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LOA: 62'4" (19m)
Beam: 17'4" (5.28m)
Draft: 3' (0.95)
Engines: 3 x 800 hp MAN R6-800
Speed (max/cruising): 40/33 knots
Range: 370 nm @ cruising
Construction: cold-molded
Design: Art of Kinetik
Naval architecture: Art of Kinetik


Predatory beauty
Galeon Raptor Skydeck leaves us enraptured

A sea trial on the newest iteration of the Galeon 700—now available with a small fly—convinced us that Polish builder Galeon knows just how to thrill. This stylish 71' yacht, with a design by Tony Castro, gets to 33 knots with little effort with the largest engine package. It is as pleasant at mooring with all windows and doors open (they completely disappear into the sole), as it is at full speed. The console is attractive, with crisp displays by Raymarine, and comfortable dual Treben seats. Creative design solutions include an automated outdoor stepladder, which tucks away under the skydeck overhang to free up space on the flexible aft deck, equally suited for an afternoon lunch or a lazy afternoon in the sun. The skydeck takes nothing away from the sporty profile and adds an upper helm station for a thrilling ride in the open air. A garage contains a small tender or PWC, which is easily unloaded and lowered automatically into the water using a Bar system that includes remote-control operation of the cradle and swim platform. Inside, LED lighting highlights and softens the contemporary décor that combines dark veneers and tiles with white paneling. Très chic.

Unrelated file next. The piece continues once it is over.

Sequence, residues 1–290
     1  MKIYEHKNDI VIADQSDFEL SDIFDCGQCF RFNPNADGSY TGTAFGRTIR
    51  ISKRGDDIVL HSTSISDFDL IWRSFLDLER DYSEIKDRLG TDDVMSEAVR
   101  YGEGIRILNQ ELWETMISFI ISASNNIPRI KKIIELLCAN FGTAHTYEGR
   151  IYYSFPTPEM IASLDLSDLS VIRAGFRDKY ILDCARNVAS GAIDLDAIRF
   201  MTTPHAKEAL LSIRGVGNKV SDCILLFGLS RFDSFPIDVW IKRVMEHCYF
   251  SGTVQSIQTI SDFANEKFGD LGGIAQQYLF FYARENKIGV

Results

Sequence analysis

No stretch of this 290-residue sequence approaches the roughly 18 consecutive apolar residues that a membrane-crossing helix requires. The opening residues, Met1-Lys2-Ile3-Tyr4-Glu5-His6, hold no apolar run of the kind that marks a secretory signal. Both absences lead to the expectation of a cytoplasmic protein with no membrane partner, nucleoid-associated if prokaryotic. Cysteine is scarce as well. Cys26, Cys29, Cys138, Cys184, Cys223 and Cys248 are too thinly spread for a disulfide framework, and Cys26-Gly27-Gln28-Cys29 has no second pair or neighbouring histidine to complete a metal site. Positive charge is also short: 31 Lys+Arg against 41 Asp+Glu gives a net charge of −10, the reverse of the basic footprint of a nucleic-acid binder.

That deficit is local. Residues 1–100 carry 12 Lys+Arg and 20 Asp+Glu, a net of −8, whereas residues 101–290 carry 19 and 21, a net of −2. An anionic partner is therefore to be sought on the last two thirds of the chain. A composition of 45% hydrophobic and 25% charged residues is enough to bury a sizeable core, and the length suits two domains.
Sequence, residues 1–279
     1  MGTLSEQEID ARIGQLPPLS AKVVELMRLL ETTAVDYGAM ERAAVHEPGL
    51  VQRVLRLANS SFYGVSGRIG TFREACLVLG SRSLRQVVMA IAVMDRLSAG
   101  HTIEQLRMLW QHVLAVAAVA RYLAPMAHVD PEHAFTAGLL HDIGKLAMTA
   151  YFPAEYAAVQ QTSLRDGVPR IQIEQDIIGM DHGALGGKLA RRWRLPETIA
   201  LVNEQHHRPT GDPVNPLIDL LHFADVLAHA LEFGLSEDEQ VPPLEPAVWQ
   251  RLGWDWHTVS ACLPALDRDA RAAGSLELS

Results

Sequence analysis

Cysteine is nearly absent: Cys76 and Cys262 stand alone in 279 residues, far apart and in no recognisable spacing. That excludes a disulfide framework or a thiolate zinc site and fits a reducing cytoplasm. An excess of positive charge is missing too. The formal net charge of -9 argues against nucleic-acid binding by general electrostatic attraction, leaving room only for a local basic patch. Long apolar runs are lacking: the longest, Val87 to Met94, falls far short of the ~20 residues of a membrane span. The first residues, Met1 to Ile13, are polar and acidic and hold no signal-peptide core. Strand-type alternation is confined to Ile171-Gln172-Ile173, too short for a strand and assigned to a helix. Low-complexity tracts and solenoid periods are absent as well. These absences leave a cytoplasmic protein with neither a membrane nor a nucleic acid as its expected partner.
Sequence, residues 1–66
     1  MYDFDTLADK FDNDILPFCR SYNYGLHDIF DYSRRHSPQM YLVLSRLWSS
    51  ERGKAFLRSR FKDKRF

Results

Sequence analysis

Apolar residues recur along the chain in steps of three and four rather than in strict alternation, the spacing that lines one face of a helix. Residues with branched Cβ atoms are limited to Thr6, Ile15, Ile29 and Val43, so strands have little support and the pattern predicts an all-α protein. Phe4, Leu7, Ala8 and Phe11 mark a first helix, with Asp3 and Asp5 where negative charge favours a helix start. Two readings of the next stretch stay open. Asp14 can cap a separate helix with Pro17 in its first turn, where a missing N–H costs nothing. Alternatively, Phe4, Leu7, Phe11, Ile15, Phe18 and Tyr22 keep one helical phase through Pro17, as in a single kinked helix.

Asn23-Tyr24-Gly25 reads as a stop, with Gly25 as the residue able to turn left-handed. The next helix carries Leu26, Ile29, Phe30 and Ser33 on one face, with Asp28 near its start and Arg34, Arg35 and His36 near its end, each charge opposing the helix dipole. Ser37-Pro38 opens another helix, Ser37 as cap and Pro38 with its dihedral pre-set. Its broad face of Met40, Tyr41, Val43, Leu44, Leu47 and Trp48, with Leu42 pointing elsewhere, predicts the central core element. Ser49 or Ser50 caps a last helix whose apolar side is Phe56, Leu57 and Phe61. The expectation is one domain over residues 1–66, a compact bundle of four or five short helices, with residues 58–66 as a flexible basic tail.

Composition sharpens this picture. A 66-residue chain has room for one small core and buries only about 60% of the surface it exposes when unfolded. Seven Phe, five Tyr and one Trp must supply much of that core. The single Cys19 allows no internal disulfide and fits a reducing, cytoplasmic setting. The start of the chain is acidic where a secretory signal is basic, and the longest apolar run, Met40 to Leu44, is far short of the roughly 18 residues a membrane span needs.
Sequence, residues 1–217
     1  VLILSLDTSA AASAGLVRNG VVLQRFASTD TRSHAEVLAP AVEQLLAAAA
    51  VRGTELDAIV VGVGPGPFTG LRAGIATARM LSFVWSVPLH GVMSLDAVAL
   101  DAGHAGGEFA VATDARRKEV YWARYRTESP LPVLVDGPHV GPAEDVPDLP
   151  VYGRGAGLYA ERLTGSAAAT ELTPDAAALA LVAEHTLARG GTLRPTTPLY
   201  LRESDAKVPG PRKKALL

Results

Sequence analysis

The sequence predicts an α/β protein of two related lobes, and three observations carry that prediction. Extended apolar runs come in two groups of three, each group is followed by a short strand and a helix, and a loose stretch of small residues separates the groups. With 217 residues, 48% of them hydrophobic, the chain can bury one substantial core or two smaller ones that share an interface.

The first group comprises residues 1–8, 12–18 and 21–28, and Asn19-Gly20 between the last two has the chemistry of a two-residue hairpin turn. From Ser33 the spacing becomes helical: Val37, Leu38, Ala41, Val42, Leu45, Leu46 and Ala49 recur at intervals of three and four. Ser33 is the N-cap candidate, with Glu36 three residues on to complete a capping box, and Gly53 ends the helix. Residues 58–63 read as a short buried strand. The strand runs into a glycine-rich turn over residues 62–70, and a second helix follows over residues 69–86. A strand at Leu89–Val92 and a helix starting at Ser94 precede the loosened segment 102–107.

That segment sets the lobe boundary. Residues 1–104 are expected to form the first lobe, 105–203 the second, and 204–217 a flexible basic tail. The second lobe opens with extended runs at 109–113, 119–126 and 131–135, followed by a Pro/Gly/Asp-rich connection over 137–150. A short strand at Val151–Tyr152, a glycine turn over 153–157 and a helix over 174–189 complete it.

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LOA: 71'2" (21.74m)
Beam: 17'2" (5.22m)
Draft: 3'9" (1.16m)
Engines: 2 x MTU 1,550 hp max
Alternative engine package: 2 x 1,100 hp


Vicem 78's cruiser is all but wooden